Too Many Empty Calories
"Once a man has seen, he can never turn his back on it. Never pretend it doesn’t exist. No matter who orders him to look the other way" - Rorschach, The Watchmen
I like being bored.
Even so, for some reason, I spend less time these days getting the time to be bored. To do nothing, to think, to stare out at the water drinking a coffee. To be.
After seeing this post from Dan Koe, I was inspired to spend a little time and be more proactive and aware of how I was spending time these days:
I quickly realized how much of my day, the vital time which I had to be bored, was being filled with nothing more than empty calories.
It's interesting, especially at larger gatherings like Thanksgiving, to sit back and take special notice and be consciously aware of what everyone around you is doing with their idle time. The overwhelming need to fill every waking moment with dopamine to stimulate some part the hippocampus. Even if filling the void with something that's not healthy such as mindless doom-scrolling, it seems essential to many to fill gaps in time with being fake busy. Again: empty calories.
Studies show that kids today don't even really understand how to be alone and bored, and alone time has tremendous benefits for their mental health. It's not a great sign on where we're going as a society and mental health.
Ryan Holiday talks a lot about this in his book Stillness is The Key, how the 'modern world is full of distraction.'
The world is like muddy water. To see through it, we have to let things settle. We can't be disturbed by initial appearances, and if we are patient and still, the truth will be revealed to us.
Yes, we have important duties — to our country, to our coworkers, to provide for our families. Many of us have talents and gifts that are so extraordinary that we owe it to ourselves and the world to express and fulfill them. But we're not going to be able to do that if we're not taking care of ourselves, or if we have stretched ourselves to the breaking point... Man is not a machine. Work will not set you free. It will kill you if you're not careful.
That could be where all these post-turkey rambling lands - force time for yourself to be bored. Take care of yourself, and don't fill the day with empty calories. Be aware of where, what, and most importantly with whom you spend your time. Be bored.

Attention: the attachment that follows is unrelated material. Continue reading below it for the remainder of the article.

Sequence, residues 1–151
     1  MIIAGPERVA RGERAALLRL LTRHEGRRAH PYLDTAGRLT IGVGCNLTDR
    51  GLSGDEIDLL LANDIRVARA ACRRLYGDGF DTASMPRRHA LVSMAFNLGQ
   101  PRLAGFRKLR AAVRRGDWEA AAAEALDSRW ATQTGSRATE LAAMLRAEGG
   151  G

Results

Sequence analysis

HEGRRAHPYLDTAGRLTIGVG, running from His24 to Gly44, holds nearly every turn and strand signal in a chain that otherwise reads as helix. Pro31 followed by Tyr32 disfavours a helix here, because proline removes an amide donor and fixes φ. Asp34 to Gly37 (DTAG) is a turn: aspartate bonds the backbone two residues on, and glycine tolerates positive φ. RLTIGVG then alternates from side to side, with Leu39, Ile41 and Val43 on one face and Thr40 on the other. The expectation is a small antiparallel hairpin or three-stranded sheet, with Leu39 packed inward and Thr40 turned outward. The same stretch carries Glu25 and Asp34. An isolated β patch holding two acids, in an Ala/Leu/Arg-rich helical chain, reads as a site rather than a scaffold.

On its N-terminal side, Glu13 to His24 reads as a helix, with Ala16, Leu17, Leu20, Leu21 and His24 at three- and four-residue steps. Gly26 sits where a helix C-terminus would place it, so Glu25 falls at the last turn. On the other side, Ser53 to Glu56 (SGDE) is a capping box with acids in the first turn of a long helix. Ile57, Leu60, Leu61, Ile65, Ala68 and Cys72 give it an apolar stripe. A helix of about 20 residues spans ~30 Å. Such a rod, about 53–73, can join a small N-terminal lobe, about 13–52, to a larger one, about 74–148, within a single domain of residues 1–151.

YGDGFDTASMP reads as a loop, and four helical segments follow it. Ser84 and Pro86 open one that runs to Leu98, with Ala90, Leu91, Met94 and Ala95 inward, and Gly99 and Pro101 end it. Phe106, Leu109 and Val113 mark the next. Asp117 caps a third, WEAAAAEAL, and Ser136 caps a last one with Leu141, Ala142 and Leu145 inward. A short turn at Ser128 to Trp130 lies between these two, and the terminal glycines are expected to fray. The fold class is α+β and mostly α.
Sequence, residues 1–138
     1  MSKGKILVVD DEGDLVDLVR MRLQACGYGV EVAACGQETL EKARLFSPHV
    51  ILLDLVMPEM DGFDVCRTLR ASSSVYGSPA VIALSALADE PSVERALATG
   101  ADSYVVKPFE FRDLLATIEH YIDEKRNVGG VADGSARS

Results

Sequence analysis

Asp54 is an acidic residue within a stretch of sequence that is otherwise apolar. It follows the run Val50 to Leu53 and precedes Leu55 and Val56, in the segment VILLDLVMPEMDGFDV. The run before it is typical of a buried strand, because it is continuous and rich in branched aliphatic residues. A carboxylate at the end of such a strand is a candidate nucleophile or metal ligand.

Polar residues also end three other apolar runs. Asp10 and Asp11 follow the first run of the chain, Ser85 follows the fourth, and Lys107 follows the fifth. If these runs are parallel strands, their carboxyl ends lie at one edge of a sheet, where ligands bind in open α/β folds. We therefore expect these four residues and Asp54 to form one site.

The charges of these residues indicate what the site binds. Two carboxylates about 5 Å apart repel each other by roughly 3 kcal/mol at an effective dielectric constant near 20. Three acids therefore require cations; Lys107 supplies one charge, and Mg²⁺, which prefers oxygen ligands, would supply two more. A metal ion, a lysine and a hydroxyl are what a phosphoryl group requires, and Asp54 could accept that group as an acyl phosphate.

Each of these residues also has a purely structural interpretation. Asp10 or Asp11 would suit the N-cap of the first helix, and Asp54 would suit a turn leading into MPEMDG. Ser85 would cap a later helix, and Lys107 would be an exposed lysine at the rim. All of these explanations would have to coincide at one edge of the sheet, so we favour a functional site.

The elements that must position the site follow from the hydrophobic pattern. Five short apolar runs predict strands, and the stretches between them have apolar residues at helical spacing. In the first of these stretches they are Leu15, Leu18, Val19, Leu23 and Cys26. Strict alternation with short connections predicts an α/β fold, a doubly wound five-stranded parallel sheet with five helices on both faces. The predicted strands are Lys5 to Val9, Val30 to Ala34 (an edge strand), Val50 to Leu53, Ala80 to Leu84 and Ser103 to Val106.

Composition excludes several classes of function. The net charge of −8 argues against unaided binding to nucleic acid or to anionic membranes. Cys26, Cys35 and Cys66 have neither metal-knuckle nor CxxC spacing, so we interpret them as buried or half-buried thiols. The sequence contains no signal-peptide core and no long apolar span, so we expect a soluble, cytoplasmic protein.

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Every November 22nd, I'm reminded of one of the most incredible hacks of all time. There's some pretty great analysis of one the few successful television hacks in history; however the mystery remains on who pulled this off.
In the control room of WGN-TV, the technicians on duty stared blankly at their screens. It was from their studio, located at Bradley Place in the north of the city, that the network broadcasted its microwave transmission to an antenna at the top of the 100-story John Hancock tower, seven miles away, and then out to tens of thousands of viewers. Time seemed to slow to a trickle as they watched that signal get hijacked.
A squat, suited figure sputtered into being, and bounced around maniacally. Wearing a ghoulish rubbery mask with sunglasses and a frozen grin, the mysterious intruder looked like a cross between Richard Nixon and the Joker. Static hissed through the signal; behind him, a slab of corrugated metal spun hypnotically. This was not part of the regularly scheduled broadcast.
Finally someone switched the uplink frequencies, and the studio zapped back to the screen. There was Roan, at his desk in the studio, smiling at the camera, dumbfounded.
To this day the unexplained transmission of 22 November 1987 remains an historic curiosity, since it represents the last such signal of its kind—no other instance of a complete hijacking of a commercial broadcast has occurred in the US in the years since.
Thought of the week
Last week, my oldest son and I watched Wakanda Forever in the historic 100+-year-old Palace Theatre up on San Juan Island.
Alfred Middleton built the theater in 1915 and named it "Fribor," a merging of Friday and Harbor. His wife, Vivian, played piano to accompany the movies.
Seeing a movie in these historic places has a bit of character to them that many of the multiplex theaters today lack. Sure, even though it doesn't have the latest and greatest digital sound/display technology, it has much more character than most other theaters do today.